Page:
Across a broad array of data from employment to education and political participation to social standing, the gender gap in Asia is there for all to see. And yet, the role of women in this region is changing under the pressures of economic growth and urbanization. For Asia to continue to prosper, though, the under-tapped potential of women must be unleashed.
No one can dispute the strides Asia has made in bringing strong economic growth to the region over the decades. And yet, Asia continues to stand out for the relative neglect it shows to its greatest under-tapped resource: women.
Asia is not without notable examples of women who have made it to the top in the political arena, but that does not mean the gap between male and female participation in politics is anywhere near being closed.
With human trafficking a continuing problem in Asia, the international community needs to go beyond current ways of thinking and see trafficking from the perspective of the victim.
Across Asia, the pressures of rapid economic growth and increasing urbanization are reshaping the way Asian women have traditionally defined.
Muslim women in the Philippine state of Mindanao cope with the worst effects of the conflict there between insurgent groups and the government.
Humanitarian aid is absolutely necessary to improve this devastating situation. Neither the South Korean government nor the international community can afford to ignore this serious humanitarian crisis.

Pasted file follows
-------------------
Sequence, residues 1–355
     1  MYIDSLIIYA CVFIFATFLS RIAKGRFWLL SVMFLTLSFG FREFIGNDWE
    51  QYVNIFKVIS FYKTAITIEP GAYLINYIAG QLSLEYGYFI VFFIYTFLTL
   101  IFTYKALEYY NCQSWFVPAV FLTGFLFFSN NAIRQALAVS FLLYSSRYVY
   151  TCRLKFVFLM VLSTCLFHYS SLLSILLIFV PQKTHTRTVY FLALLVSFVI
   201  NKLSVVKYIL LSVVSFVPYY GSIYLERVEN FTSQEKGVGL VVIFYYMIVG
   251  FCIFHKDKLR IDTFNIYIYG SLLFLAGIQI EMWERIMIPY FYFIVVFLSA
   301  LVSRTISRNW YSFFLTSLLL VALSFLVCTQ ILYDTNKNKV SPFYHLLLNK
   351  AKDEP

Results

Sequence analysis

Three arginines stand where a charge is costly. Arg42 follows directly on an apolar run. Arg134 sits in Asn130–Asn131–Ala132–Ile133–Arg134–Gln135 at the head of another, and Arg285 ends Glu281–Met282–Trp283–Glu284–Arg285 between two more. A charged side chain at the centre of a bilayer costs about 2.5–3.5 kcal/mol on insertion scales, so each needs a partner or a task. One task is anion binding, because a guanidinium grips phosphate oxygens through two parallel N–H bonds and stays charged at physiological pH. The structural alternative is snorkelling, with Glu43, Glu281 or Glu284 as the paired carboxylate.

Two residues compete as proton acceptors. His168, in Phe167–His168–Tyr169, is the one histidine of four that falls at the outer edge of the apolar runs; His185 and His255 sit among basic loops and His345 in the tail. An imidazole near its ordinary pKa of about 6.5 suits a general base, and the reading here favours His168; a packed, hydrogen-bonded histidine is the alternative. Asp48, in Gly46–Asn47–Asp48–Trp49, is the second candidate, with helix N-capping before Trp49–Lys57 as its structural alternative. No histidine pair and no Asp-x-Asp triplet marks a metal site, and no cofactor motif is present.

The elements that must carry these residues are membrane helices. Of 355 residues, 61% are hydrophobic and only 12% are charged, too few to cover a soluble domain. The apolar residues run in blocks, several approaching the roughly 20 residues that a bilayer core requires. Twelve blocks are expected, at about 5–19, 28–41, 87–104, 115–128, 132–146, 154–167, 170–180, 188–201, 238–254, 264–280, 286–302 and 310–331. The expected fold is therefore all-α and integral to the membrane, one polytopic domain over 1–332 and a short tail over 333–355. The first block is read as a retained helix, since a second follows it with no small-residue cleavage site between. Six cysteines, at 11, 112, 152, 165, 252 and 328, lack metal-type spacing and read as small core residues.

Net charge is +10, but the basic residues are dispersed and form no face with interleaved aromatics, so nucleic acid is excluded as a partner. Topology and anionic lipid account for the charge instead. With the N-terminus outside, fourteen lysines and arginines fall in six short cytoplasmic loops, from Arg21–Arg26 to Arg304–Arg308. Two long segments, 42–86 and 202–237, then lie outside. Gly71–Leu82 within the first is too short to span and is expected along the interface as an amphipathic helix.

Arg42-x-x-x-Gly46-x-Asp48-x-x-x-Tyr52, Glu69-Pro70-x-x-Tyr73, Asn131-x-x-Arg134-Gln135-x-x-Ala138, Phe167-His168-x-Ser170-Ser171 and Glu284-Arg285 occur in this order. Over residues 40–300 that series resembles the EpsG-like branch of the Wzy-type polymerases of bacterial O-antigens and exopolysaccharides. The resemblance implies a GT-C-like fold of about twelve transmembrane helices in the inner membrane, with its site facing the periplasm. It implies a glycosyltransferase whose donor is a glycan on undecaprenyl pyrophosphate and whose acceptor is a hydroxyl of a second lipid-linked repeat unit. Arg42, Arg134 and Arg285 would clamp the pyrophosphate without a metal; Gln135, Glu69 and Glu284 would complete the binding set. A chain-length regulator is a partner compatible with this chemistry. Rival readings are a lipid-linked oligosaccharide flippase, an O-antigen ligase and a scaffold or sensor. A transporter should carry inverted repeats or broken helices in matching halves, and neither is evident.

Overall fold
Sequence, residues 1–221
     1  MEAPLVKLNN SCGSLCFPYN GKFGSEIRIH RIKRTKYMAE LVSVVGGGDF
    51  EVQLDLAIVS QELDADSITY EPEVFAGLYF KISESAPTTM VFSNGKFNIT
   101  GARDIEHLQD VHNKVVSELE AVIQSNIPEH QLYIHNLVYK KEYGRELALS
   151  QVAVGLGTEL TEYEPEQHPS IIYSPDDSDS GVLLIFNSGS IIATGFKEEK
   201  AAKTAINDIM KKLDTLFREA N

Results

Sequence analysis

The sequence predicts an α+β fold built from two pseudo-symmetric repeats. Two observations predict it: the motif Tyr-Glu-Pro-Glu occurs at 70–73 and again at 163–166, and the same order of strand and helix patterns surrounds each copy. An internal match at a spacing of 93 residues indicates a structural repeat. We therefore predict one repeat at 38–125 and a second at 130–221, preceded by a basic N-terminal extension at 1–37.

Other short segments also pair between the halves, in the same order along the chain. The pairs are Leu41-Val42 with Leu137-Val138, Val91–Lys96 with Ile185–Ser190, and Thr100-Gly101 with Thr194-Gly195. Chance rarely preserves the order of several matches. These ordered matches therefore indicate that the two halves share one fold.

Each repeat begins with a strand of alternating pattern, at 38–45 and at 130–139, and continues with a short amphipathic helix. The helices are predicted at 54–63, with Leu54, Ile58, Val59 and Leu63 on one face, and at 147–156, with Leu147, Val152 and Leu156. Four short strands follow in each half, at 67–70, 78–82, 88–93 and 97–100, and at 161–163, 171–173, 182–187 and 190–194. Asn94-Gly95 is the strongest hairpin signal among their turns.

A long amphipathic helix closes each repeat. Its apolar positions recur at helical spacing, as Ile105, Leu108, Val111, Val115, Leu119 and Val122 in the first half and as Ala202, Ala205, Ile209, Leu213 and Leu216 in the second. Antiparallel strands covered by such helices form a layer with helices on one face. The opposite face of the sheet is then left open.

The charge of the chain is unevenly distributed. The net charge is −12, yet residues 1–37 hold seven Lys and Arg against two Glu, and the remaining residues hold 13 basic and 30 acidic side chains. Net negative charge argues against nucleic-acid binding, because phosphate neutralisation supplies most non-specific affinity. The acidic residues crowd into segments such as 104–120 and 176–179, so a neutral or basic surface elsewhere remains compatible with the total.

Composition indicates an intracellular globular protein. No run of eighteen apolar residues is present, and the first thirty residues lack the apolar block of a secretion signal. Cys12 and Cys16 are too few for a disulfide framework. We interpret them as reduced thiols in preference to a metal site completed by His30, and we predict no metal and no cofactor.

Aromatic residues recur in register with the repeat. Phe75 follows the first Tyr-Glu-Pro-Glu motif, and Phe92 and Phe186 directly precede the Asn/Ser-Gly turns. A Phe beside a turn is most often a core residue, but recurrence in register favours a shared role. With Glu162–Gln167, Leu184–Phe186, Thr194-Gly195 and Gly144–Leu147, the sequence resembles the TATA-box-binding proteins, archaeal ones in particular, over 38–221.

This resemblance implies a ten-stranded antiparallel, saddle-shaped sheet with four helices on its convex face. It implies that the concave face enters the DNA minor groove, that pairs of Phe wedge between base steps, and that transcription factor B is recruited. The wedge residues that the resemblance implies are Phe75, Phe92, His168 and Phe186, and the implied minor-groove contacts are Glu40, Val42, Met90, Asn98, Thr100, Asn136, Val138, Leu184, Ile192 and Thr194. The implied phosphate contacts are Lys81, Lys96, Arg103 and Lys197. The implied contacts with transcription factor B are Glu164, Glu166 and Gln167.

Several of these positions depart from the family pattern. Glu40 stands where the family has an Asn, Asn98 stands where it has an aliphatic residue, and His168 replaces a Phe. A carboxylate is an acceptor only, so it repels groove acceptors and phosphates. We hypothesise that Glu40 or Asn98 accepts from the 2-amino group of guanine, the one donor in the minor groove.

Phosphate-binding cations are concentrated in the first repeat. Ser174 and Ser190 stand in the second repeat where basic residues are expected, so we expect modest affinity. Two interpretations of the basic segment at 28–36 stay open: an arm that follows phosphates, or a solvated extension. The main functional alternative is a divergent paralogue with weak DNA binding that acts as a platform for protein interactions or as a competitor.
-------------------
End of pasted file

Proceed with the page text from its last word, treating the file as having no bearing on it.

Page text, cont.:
We must address, and convincingly answer, a fundamental question before we can even hope to craft a successful international strategy for redressing hunger in North Korea.
Declassified CIA papers cast new light on South Korea's attempt to develop nuclear weapons in the 1970s and show that the program continued for at least two years after the US thought it had ended.
Peter Warr argues that Thaksin’s politically motivated promises, including mega-projects, eliminating drug dealers and spending government funds to prop up rice prices, are unsustainable and don’t address core issues in Thai society.
When ASEAN member states' foreign ministers gathered with counterparts from the US, China and Japan for a summit in July in Bali, many observers had expected the issue of maritime disputes in the South China Sea to dominate discussions.
Reactions to the rise of China and its potential to dominate Asia have fueled debate in many countries over how best to respond.
The world's media, and especially India's, were quick to pounce on the story of Kisan Baburao Hazare's recent, defiant fast against corruption in India, and the way in which it appeared to catch the government off guard.
Asian manufacturers, which have underpinned the region's export-led growth, are not as prepared as they should be for shocks.
South Korea is increasing its presence on the world stage with an assertive and effective role in combating piracy at sea in the Gulf of Aden and the Strait of Hormuz, two areas vital to Asian trade and energy supplies.
The claim that North Korea is a mystery that defies explanation is a cliché amply supported by numerous newspaper op-ed pieces.
Short reviews of The Shallows: What the Internet Is Doing to Our Brains by Nicholas Carr; Capitalism 4.0: The Birth of a New Economy in the Aftermath of Crisis by Anatole Kaletsky; Uprising: Will Emerging Markets Shape or Shake the World Economy? etc.